Eye spots and optical speculations

“In time I will bend them to my will! lol”

Hi Robert,

thats a good motto.

I also think now (as I wrote above, where the uv-light link was discussed), that the info for an eye spot could be spread more widely in the Eurosa than known so far.

What you have posted, seems to be an argument for that hypothetical thought.

I will do some uv-lightfotos (with my limited possibilities) of wild rose species and even hulthemia this season.

Funny, if we should get new insights, using this simple way.

Or - has anyone hereever seen an uv-pattern of a banksiae rose flower here before? :smiley:

Who knows what will appear on it … .



Robert, nice coloration with the blotch. I think that it was a great idea to try to combine the banksia seedling with Jim’s hulthemia descendent. I can not wait to see what comes out of the cross.


Arno, please let us know what you find. The single forms of banksia would be most interesting.

Thanks Liz. I have a feeling Moore’s Halos are already part of ‘Persian Sunset’ so perhaps this will strengthen that characteristic.

I’m finding that many of these seedlings have too many petals, even when bred to a single. I’ll keep my fingers crossed.

Surely one of these combinations will do the trick.

I think I saw that one of the Moore hybrids did indeed have a Halo in them. But Im too tired to research right now.

Persian Sunset is deiniftely.

Persian Autumn is probably the case, too, since Anytime x Gold Badge is one of the originations of some of the halo roses.

Greetings Jadae:

As you live in zone 8b what do you use to treat your roses for blackspot and what do you use for spider mites and insect pests. When I was growing years ago there was a great fungicide called Benlate but it was determined to be toxic and taken off the market. Now I don’t know what to recommend to my zone 8b daughter. Many thanks. Bob Williams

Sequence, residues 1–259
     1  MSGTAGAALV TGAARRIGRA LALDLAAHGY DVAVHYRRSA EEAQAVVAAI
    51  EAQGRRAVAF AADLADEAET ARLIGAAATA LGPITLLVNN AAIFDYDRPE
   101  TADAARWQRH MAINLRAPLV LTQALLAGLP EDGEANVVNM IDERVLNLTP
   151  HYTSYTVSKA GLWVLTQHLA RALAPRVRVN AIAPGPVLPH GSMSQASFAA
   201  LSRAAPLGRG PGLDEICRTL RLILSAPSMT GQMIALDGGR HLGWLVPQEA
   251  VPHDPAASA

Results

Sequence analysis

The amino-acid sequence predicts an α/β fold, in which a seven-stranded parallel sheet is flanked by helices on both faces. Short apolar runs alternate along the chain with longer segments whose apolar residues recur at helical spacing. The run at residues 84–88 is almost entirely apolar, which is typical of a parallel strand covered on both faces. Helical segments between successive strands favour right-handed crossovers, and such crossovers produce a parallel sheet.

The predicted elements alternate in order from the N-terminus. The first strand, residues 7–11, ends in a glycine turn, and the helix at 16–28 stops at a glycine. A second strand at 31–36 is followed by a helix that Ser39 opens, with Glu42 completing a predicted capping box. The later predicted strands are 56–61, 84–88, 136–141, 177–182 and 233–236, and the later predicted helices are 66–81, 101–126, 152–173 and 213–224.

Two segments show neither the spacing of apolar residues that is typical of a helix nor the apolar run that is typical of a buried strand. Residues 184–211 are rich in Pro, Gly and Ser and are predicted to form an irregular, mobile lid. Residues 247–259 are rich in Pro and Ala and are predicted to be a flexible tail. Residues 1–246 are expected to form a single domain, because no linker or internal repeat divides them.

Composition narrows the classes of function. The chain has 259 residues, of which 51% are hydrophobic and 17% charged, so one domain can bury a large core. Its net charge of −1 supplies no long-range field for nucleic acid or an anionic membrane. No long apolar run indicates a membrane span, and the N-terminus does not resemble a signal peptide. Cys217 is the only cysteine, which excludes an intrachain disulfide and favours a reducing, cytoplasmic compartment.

Hi you!

Speculation, but: Is the halo and the eye spot caused by the same gene or group of genes, but one or few lacking genes added, it forms a really eye spot instead a halo?

I am thinking of a missing homeotic gene in the halo roses, when everything else is present.



Or … I am thinking of missing genes, while the main homeotic gene for the eye spot is present. …

Hi Robert. I use a combination of methods. I refuse to use anything carcinogenic such as many fungicides. I use good pruning methods, proper placement for air circulation (people often forget to do this), variety selection for my region, proper care and 1 early shower of neem oil + baking soda + soap treatment – foliar only.

That’s it.

Hey Robert, that photo is quite interesting. Without actually taking the petals apart, the darkened area looks more in keeping with the halo seen in Mr. Moore’s halo roses. I have seen similar coloring in ‘First Prize’ seedlings and others.

I have been kicking around some thoughts (thinking about writing an article for RHA) about what I am seeing in some of the hulthemia seedlings and I think I mentioned it above or in another thread. But it appears to me that there may be as many as six or seven zones on rose petals where inheritance of color might be independent of other zones. For example, the hulthemia blotch generally appears to be a dominant trait. However, it seems recessive to the zone where the halo shows up. In fact it seems that where the halo trait is strong, you find that the blotch is literally cut-off so that just the “top” part of the blotch is seen.

You might note on I89-2 (see link) that where the petal attaches, there are two areas that are very light in color where the blotch color is absence. I think those areas represent the halo trait. That zone may be larger or smaller in various roses. Some “halos” are more pigmented, while others are less pigmented.

In my hulthemia breeding, I am trying to minimize the “cut-off” effect by choosing hulthemias that show a stronger blotch at the petal apex. We’ll see what happens… My K201 is starting to bloom and should produce a nice display in about 1 week. I will try to take a photo when at peak bloom and will post it.

Jim Sproul

Link: sproulrosesbydesign.com/hulthemia_petals.htm

Just as Hulthemias are not considered to be true roses, but are closely enough related to crossbreed, can anyone tell me of other examples of roses being able to breed outside the immediate family so to speak; and what is considered to be the most extreme example of this – by way of example, is there any instance of anything as far out as, say, by way of analogy, strawberries or other berry relatives, etc?